In episode seven of the Identification season, Just Science interviews Carlos Gutierrez, a lecturer at Chaminade University of Honolulu, about the new field of Forensic Microanthropology. After finding an unidentified bone, forensic anthropologists must first determine if it belonged to a human or an animal. If it’s an animal bone, they can move on to other case work, but human remains require a much more involved and expensive forensic processes such as DNA testing. For developing countries these tests can be too expensive and time consuming. With limited resources and tight timelines, Carlos Gutierrez wanted to find an affordable and timely way to analyze remains and differentiate between human and animal bones. It was through this need that Forensic Microanthropology was born. Listen along as he discusses the details of Forensic Microanthropology in this episode of Just Science.

This episode of Just Science is funded by the National Institute of Justice’s Forensic Technology Center of Excellence [Award 2016-MU-BX-K110].

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You can also find us on Stitcher or Soundcloud 

 

 


 

Carlos A. Gutierrez, MSFS, Master of Science in Forensic Science, Lecturer of Forensic Science in the Division of Natural Sciences and Mathematics, Chaminade University of Honolulu. Science Director and Instructor of True Forensic Science LLC.

Mr. Gutierrez earned his college degree of Public Security Administration at Carabineros de Chile school in 2001. In 2002, earned his certificate Reforma Procesal Penal y sus Efectos en la Función Policial (Criminal Procedure Reform and its Impact on the Police Function) dictated by the Police Science Academy of Carabineros de Chile. Then, in 2003, obtained his specialization in Criminalistics in Carabineros de Chiles police agency. Later on, Mr. Gutierrez earned several certificates of different courses made in Argentina, Germany, Spain, Peru and the US. In 2012 obtained his Master degree in Educational Management at Andres Bello University in Chile. Then, in 2016 earned his Master in Science in Forensic Science (MSFS) at Chaminade University of Honolulu, USA.

Throughout his career Mr. Gutierrez has performed important positions such as Subdirector of the Criminalistics Laboratory of Carabineros de Chile police agency in the city of Punta Arenas (Chile), expert of the Ballistics Laboratory of the Criminalistics Laboratory of Carabineros de Chile police agency in the city of Santiago (Chile), Chief of the Copyright and Forensic Anthropology at the same Chilean forensic agency and Director of the Criminalistics Laboratory of Carabineros de Chile police agency in the city of Talca (Chile).

Within Mr. Gutierrez’s professional performance, it can be distinguished his work in the identification processes at different massive disasters, among which we can mention, Chief of the forensic identification team of the fatalities at the fire of the Blue House II hostel, in the city of Punta Arenas on February 3rd, 2007 (Chile); and, forensic identification of the fatalities of the big Earthquake and Tsunami on February 27th, 2010 in the city of Constitution (Chile). This last two years, Mr. Gutierrez has worked in the development of a technique, based on Forensic Microantropology, which allows to identify and to determine whether any small bone fragment found in the crime scene is human or not-human. His prominent professional performance, has opened him the doors to several international associations in the forensic field such as: Asociación Latinoamericana de Antropología Forense (ALAF), Asociación de Antropología Biológica Argentina (AABA), International Law Enforcement Academy (ILEA), The International Association for Identification (IAI), The International Association of Chief of Police (IACP), American Academy of Forensic Science (AAFS) and Colegio de Criminalistas de Chile (COLCRIM).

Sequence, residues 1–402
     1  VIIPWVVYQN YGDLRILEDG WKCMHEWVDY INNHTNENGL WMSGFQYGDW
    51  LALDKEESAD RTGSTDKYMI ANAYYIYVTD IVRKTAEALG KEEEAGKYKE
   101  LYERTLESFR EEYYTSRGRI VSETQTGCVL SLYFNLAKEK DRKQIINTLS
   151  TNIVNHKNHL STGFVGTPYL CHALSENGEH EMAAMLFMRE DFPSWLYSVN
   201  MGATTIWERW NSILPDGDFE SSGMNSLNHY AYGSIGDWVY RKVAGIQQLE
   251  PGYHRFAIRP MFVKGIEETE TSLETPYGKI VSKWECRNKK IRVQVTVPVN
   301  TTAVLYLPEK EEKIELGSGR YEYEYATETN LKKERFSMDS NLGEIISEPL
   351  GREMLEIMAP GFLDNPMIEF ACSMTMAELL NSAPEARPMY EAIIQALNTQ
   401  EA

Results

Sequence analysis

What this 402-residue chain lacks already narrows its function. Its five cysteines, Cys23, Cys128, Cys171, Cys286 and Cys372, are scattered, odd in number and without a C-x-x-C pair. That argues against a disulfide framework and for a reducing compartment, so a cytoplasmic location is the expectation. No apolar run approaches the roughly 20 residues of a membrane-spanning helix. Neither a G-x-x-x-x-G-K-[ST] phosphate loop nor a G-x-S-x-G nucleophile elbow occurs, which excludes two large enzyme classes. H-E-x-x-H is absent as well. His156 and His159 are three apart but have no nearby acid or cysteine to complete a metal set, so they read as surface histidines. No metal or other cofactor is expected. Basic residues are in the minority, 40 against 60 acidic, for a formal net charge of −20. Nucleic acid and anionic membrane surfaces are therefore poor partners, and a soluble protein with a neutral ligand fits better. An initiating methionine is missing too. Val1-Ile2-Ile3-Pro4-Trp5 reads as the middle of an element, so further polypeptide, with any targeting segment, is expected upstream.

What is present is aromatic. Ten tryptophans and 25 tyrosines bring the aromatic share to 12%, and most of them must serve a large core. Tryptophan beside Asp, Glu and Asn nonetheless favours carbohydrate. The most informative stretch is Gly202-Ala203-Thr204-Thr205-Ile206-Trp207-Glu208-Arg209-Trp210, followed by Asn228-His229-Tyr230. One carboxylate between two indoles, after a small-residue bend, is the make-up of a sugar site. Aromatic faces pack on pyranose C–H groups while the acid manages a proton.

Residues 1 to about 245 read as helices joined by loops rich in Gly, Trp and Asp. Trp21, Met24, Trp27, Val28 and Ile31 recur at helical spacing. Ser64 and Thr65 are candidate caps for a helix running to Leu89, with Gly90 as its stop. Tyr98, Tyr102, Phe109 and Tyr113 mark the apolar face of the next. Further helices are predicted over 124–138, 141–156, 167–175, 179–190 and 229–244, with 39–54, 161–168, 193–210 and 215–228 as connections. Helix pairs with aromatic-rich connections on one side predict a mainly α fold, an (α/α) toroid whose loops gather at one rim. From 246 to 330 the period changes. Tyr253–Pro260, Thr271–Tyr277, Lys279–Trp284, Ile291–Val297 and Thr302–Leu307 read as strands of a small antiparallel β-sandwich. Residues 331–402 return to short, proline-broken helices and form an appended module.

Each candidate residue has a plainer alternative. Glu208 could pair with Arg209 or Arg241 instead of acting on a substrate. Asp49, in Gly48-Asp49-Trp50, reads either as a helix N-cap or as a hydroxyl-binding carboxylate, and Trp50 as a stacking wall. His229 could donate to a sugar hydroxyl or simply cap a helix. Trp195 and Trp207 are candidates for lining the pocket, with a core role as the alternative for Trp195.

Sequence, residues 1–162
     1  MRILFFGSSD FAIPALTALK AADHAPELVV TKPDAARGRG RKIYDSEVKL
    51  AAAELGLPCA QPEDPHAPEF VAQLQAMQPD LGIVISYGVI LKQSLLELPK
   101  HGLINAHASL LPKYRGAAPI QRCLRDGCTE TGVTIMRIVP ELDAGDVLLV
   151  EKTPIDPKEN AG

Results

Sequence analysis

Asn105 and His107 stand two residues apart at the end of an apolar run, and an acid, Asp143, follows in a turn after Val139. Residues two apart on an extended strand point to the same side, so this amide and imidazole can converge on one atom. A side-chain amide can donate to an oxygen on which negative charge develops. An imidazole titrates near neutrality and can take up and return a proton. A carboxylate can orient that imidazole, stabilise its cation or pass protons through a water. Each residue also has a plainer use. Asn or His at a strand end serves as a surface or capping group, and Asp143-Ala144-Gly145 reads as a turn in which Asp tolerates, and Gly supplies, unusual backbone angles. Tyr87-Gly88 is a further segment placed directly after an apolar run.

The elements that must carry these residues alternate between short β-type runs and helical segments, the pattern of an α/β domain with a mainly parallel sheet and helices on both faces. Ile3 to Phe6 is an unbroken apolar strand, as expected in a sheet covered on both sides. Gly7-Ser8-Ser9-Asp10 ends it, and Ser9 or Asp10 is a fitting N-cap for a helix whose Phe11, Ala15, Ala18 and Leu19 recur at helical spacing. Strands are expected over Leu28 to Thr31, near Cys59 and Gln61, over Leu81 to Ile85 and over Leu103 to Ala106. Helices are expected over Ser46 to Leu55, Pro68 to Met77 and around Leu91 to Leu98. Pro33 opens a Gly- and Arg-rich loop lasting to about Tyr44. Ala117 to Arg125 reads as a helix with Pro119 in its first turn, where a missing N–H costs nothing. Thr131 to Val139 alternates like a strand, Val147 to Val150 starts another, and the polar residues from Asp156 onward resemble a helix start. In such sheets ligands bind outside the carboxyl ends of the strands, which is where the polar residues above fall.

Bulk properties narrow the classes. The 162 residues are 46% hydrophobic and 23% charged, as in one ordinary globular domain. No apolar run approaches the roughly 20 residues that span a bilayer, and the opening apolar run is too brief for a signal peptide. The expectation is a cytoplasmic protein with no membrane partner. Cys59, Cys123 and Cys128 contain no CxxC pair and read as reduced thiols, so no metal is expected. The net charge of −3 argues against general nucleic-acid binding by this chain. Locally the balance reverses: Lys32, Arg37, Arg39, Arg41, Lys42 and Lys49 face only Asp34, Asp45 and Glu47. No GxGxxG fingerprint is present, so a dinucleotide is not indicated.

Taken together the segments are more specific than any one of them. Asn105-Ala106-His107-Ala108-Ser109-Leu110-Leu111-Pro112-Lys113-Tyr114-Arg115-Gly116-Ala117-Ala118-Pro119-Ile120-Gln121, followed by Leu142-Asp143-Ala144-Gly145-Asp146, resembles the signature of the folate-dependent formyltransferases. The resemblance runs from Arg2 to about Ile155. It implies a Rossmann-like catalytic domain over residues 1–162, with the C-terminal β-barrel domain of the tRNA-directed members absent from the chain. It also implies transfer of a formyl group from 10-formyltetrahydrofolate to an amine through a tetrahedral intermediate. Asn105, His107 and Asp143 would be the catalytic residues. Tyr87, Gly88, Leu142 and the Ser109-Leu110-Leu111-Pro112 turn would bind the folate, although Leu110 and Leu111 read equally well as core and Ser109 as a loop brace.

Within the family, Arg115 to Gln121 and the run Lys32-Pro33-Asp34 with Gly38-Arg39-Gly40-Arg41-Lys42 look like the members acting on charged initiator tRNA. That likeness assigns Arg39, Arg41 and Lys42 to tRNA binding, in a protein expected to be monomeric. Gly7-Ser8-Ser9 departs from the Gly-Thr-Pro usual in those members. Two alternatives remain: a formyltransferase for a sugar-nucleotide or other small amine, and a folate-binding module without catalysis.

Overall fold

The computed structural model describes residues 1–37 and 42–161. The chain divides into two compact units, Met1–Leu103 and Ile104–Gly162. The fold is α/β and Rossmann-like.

Additional Resources:

2018 Impression, Pattern and Trace Evidence Symposium

IAI Training

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Just Improvised Explosive Devices

In episode six of the Identification season, Just Science interviews Hillary Daluz, an instructor for Tritech Forensics and author on latent print analysis. From soda cans and cigarette packs to animal carcasses and pressure cookers, an improvised explosive device is just that: improvised. One of the most difficult parts of I.E.D. identification after the explosion is figuring out what was part of the bomb itself. Hillary Daluz spent 14 months in Iraq as a latent print examiner working on the remains of improvised explosive devices. Listen along as she discusses contextual bias, the difficulty of identifying finger prints on improvised explosives, and the importance of partnering with other disciplines in this episode of Just Science. 

This episode of Just Science is funded by the National Institute of Justice’s Forensic Technology Center of Excellence [Award 2016-MU-BX-K110].

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You can also find us on Stitcher or Soundcloud 

 


Hillary Moses Daluz is currently an instructor for Tri Tech Forensic, a forensic specialist with Forensic Identification Services, and the author of Fundamentals of Fingerprint Analysis and the Fingerprint Analysis Laboratory Workbook (CRC Press, 2014). After earning her Masters of Science in Forensic Science from the University of California, Davis she deployed to the Joint Expeditionary Forensic Facility at Camp Victory in Baghdad, Iraq as a Latent Print Examiner. After returning stateside she became a member of the faculty in the Forensic Sciences program at Chaminade University of Honolulu, teaching at the undergraduate and graduate level. Daluz has worked in a variety of forensics positions including Senior Latent Print Technician with American Systems and Police Identification Specialist with the City of Hayward Police Department in California. Daluz is a member of the International Association for Identification.

 

 

 


Additional Resources:

2018 Impression, Pattern and Trace Evidence Symposium

IAI Training

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Just 19 Hours and 300 miles